Prepare to learn everything we still don’t know about our strange, mostly mysterious universe. PHD Comics creator Jorge Cham and particle physicist Daniel Whiteson have teamed up to spelunk through the enormous gaps in our cosmological knowledge, armed with their popular infographics, cartoons, and unusually entertaining and lucid explanations of science. In We Have No Idea, they explore the biggest unknowns in the universe, why these things are still mysteries, and what a lot of smart people are doing to figure out the answers (or at least ask the right questions). While they're at it, they helpfully demystify many complicated things we do know about, from quarks and neutrinos to gravitational waves and exploding black holes. With equal doses of humor and delight, they invite us to see the universe as a vast expanse of mostly uncharted territory that's still ours to explore. This entertaining illustrated science primer is the perfect book for anyone who's curious about all the big questions physicists are still trying to answer. From the Hardcover edition.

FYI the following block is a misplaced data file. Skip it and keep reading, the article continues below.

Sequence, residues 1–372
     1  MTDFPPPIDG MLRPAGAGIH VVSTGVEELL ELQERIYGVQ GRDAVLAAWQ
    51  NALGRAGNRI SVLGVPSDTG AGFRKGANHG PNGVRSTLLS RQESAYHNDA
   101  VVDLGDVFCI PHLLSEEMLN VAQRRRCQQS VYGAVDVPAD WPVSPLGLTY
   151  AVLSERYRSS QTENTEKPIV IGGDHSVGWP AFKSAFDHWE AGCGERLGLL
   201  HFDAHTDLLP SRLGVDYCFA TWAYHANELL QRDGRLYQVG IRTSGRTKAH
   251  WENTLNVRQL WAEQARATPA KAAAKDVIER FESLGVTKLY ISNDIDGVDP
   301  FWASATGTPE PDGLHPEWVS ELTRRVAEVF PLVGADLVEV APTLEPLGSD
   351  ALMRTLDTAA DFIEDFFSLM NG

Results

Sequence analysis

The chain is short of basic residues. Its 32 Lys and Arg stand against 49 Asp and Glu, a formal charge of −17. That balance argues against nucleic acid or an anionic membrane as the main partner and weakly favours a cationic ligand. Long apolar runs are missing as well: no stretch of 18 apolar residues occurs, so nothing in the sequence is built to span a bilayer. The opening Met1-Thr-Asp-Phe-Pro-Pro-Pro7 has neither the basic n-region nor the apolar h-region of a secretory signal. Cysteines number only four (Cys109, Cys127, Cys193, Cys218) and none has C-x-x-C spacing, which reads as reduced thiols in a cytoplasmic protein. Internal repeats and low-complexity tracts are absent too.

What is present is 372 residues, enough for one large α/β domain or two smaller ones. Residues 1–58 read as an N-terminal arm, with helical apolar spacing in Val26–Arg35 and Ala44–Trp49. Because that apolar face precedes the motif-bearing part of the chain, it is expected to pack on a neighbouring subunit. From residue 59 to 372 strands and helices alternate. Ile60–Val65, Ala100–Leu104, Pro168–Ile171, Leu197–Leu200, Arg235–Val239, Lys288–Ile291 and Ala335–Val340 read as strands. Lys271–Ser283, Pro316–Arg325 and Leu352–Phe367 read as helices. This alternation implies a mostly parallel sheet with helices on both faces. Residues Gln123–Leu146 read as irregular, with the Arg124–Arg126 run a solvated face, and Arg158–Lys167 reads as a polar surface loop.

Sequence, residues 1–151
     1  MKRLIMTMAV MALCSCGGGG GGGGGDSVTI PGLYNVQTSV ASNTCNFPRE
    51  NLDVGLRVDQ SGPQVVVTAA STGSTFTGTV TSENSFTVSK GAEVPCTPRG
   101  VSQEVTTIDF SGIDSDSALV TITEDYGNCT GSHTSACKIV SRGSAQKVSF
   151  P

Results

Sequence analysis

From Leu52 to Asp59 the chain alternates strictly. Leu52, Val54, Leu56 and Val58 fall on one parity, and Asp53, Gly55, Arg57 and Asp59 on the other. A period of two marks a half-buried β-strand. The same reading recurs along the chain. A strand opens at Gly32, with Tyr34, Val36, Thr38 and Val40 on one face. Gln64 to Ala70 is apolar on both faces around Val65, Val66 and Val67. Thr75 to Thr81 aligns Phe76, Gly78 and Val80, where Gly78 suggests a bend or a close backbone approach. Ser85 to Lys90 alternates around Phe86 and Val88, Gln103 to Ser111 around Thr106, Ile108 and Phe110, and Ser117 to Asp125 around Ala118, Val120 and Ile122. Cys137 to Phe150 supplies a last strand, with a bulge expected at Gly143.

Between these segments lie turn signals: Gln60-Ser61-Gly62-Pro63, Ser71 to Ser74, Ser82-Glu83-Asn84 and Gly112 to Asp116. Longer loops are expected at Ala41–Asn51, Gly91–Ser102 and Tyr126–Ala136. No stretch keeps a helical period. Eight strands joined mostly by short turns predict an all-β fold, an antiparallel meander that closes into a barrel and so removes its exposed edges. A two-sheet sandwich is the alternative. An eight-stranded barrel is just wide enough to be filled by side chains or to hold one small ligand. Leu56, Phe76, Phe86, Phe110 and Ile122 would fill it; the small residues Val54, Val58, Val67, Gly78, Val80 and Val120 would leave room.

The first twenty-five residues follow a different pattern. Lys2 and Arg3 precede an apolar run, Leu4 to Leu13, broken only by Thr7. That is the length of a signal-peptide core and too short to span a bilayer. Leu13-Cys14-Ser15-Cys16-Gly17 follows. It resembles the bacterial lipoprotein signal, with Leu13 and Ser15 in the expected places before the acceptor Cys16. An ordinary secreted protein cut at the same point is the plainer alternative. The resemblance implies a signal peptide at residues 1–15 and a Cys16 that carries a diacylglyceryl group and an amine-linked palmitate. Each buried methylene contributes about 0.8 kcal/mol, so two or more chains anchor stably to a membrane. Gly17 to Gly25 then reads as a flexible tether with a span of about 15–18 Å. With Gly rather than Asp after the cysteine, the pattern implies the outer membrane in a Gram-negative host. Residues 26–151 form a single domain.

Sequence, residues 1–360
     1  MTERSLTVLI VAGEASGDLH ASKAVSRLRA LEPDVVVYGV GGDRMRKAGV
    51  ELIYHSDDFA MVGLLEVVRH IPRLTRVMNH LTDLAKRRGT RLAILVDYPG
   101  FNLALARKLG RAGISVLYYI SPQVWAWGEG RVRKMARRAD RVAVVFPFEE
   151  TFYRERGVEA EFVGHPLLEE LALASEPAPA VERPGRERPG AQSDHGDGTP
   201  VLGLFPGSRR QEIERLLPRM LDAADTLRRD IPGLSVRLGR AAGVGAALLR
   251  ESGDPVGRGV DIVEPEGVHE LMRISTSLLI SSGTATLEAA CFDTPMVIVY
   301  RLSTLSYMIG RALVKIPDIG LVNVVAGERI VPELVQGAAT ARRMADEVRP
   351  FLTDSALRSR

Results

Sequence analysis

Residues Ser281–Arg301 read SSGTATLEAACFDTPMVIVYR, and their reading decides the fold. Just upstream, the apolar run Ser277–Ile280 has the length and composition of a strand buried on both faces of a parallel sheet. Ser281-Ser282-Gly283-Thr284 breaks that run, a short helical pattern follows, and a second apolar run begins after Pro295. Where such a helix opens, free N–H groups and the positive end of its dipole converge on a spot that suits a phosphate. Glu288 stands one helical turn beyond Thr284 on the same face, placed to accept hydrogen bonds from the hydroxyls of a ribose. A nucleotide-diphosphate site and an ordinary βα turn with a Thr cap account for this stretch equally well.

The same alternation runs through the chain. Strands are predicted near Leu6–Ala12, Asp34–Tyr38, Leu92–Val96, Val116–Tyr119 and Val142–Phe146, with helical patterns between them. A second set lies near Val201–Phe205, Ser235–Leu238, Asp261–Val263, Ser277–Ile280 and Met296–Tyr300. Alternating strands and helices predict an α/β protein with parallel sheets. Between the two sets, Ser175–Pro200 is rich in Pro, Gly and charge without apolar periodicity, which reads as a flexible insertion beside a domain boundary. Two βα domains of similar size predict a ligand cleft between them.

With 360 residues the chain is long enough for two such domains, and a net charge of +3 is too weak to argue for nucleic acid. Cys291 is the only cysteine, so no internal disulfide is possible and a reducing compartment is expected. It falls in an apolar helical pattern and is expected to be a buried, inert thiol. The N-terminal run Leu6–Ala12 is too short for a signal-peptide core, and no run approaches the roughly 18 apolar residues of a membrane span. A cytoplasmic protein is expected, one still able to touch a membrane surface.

Each night, we are able to gaze up at the night sky and look at the thousands of stars that stretch to the end of our individual horizons. But the stars we see are only those that make up our own Milky Way galaxy—but one of hundreds of billions in the whole of the universe, each separated by inconceivably huge tracts of empty space. In this book, astronomer James Geach tells the rich stories of both the evolution of galaxies and our ability to observe them, offering a fascinating history of how we’ve come to realize humanity’s tiny place in the vast universe. Taking us on a compelling tour of the state-of-the-art science involved in mapping the infinite, Geach offers a first-hand account of both the science itself and how it is done, describing what we currently know as well as that which we still do not. He goes back one hundred years to when scientists first proved the existence of other galaxies, tracking our continued improvement in the ability to collect and interpret the light that stars in faraway galaxies have emitted through space and time. He discusses examples of this rapidly accelerating research, from the initial discovery that the faint “spiral nebulae” were actually separate star systems located far beyond the Milky Way to the latest observations of the nature of galaxies and how they have evolved. He also delves into the theoretical framework and simulations that describe our current “world model” of the universe. With one hundred superb color illustrations, Galaxy is an illuminating guide to the choreography of the cosmos and how we came to know our place within it that will appeal to any stargazer who has wondered what was beyond their sight.